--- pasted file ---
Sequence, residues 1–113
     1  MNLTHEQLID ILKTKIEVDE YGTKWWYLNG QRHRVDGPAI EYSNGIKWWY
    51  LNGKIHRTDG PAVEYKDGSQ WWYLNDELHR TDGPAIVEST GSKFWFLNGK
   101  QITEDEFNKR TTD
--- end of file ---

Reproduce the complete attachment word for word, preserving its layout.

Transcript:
Sequence, residues 1–113
     1  MNLTHEQLID ILKTKIEVDE YGTKWWYLNG QRHRVDGPAI EYSNGIKWWY
    51  LNGKIHRTDG PAVEYKDGSQ WWYLNDELHR TDGPAIVEST GSKFWFLNGK
   101  QITEDEFNKR TTD